Two US university professors have developed a brand new search engine that they are hoping could one day become the de facto tool for schools and universities.
Dr Philip Kovak and Ryan Weber, from the University of Alabama, have created what they call the ‘Complexity Engine’, personalliberty.com notes. It revolves around the premise of offering search engine functionality that returns results based on the reading age of each user. As such, schools can ensure the material being provided to their students is just right for their age and ability.
That’s not all, as Weber and Dr Kovak claim their Complexity Engine could also save schools money by negating the need for them to buy expensive text books. In addition, gifted pupils can be effectively challenged, whilst those who struggle a little more can work with the search engine to raise their abilities.
The project has already gained widespread attention and is in the running for a $10,000 development grant from the Alabama Launchpad, which is aimed at rewarding high-growth, innovative ventures.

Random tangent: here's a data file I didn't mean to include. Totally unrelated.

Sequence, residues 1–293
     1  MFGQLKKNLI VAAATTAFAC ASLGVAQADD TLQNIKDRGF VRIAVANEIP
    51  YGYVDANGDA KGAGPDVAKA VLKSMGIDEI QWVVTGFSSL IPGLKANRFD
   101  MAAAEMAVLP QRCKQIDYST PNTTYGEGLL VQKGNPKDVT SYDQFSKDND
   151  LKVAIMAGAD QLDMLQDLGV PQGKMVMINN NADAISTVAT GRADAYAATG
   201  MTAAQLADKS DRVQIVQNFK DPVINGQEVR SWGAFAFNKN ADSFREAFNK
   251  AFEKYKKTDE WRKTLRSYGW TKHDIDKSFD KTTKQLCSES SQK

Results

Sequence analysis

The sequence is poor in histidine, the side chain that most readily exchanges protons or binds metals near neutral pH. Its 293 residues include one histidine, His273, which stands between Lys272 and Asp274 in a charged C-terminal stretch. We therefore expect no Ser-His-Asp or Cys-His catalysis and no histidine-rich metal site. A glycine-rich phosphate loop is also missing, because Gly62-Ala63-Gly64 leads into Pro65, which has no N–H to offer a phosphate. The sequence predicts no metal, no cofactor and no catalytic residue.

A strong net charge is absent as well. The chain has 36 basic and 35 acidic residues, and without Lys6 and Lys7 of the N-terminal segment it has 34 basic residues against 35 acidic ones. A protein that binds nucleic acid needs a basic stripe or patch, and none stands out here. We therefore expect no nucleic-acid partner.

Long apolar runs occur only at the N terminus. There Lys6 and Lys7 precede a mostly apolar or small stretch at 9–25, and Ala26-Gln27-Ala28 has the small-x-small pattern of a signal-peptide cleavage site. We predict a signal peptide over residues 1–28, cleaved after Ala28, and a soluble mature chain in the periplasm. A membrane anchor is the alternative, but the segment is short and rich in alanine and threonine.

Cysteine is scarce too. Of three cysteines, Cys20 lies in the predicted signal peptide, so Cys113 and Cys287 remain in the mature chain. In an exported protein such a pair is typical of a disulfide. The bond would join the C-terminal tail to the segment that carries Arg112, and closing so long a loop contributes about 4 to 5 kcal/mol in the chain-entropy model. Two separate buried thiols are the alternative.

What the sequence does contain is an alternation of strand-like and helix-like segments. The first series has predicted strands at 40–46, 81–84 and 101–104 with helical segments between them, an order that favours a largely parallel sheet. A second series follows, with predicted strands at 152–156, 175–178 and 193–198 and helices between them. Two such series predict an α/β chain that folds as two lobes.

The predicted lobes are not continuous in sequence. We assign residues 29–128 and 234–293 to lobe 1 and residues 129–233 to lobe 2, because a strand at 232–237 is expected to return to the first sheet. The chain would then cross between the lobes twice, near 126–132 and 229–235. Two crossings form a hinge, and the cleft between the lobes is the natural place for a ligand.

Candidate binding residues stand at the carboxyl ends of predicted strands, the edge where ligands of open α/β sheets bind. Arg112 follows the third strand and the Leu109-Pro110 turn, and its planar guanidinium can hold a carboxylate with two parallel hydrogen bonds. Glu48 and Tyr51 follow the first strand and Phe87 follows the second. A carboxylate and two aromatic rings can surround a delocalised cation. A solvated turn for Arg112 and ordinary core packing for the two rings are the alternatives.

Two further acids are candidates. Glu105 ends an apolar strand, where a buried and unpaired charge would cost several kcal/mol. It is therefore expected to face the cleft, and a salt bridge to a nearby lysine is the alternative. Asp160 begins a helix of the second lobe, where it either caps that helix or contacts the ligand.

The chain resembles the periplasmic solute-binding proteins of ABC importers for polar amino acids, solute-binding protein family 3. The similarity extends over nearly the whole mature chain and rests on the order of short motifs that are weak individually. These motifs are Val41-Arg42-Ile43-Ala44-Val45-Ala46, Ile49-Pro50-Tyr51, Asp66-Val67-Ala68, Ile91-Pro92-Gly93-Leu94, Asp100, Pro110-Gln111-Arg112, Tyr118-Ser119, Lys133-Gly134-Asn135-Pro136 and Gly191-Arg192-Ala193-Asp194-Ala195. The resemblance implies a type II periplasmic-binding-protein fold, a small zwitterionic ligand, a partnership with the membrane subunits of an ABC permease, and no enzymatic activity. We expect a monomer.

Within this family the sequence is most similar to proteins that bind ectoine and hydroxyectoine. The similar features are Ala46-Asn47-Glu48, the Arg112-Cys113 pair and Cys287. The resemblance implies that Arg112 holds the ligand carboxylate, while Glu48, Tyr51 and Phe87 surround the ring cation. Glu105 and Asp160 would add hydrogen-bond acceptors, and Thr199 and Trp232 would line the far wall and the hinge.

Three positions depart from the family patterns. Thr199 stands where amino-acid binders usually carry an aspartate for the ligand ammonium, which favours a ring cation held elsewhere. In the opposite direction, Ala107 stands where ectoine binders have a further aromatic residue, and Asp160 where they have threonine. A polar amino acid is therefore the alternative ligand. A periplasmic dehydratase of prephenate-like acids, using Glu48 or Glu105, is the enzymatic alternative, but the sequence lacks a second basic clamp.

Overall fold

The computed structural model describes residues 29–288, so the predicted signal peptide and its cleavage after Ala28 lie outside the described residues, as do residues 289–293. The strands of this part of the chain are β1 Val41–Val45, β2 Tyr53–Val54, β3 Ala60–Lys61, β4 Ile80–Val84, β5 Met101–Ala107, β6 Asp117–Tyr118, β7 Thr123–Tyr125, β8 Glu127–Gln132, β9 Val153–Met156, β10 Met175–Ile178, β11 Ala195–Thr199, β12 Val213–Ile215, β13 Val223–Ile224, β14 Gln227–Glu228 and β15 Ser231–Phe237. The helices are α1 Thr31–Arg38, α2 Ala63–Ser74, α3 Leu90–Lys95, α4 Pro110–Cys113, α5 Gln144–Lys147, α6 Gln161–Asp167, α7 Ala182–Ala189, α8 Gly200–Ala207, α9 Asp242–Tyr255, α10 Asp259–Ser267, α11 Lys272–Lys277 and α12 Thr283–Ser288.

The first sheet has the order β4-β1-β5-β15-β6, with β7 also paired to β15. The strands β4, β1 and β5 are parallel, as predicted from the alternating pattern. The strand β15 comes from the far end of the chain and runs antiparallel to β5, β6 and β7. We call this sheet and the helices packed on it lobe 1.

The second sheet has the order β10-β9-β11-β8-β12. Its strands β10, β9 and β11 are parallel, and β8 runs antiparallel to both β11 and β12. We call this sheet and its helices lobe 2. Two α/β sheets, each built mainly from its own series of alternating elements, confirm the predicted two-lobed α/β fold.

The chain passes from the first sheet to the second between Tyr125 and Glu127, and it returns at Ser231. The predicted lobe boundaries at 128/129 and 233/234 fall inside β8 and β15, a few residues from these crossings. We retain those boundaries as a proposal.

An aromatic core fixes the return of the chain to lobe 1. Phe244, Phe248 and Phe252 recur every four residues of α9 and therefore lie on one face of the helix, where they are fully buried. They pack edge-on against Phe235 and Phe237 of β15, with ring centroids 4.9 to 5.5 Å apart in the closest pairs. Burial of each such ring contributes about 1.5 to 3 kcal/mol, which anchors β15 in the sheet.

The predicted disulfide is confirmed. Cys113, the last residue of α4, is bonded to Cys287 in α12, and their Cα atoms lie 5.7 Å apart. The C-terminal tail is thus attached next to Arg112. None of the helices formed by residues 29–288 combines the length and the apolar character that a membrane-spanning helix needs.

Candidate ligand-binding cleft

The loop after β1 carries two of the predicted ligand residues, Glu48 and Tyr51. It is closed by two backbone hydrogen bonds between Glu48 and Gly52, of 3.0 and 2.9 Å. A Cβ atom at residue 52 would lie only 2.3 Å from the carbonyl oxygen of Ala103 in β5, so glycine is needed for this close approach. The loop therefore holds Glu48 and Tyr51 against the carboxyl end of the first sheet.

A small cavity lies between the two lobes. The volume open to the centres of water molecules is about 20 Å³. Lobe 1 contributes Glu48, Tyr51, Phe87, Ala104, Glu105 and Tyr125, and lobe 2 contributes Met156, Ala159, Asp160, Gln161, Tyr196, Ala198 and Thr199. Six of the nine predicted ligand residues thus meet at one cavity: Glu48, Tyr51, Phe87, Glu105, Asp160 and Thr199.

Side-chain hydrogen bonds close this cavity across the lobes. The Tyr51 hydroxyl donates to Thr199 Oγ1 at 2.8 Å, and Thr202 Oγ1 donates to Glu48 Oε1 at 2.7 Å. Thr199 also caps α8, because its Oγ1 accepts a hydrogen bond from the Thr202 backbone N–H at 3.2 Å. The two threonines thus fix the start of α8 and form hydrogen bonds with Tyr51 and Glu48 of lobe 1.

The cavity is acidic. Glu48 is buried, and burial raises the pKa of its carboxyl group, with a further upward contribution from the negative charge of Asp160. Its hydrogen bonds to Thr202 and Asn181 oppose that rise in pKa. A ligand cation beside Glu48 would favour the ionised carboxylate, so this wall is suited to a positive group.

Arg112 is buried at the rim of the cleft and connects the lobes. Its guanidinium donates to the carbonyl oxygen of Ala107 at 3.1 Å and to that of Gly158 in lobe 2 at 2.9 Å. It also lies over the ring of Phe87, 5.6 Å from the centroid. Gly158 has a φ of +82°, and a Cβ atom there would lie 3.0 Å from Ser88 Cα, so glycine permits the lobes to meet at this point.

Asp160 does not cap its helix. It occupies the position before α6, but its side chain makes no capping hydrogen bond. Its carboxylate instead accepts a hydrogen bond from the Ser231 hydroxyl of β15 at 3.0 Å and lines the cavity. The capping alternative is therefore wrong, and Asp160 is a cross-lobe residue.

Commenting on his new search engine, Dr Kovak told universityherald.com: “What we’re developing is a way to get through the nonsense and junk online and get to the learning material.
“If you go and search the web for ‘submarine’, you will get thousands of results that are all over the place compared to what you want to find. With our search engine, you will get around 150 results that are more closely about [sic] what you were searching for.”